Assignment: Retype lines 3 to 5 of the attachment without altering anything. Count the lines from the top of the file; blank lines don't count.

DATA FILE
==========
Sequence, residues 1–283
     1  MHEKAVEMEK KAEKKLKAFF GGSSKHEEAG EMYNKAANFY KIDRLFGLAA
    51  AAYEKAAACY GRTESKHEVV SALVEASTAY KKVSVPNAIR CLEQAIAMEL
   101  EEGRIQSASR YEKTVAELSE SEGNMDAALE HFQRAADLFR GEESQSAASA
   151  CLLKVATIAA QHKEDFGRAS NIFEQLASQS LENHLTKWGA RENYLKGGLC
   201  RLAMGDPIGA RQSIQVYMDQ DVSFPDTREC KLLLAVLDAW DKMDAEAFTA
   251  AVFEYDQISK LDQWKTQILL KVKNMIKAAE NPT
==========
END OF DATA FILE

    51  AAYEKAAACY GRTESKHEVV SALVEASTAY KKVSVPNAIR CLEQAIAMEL
   101  EEGRIQSASR YEKTVAELSE SEGNMDAALE HFQRAADLFR GEESQSAASA
   151  CLLKVATIAA QHKEDFGRAS NIFEQLASQS LENHLTKWGA RENYLKGGLC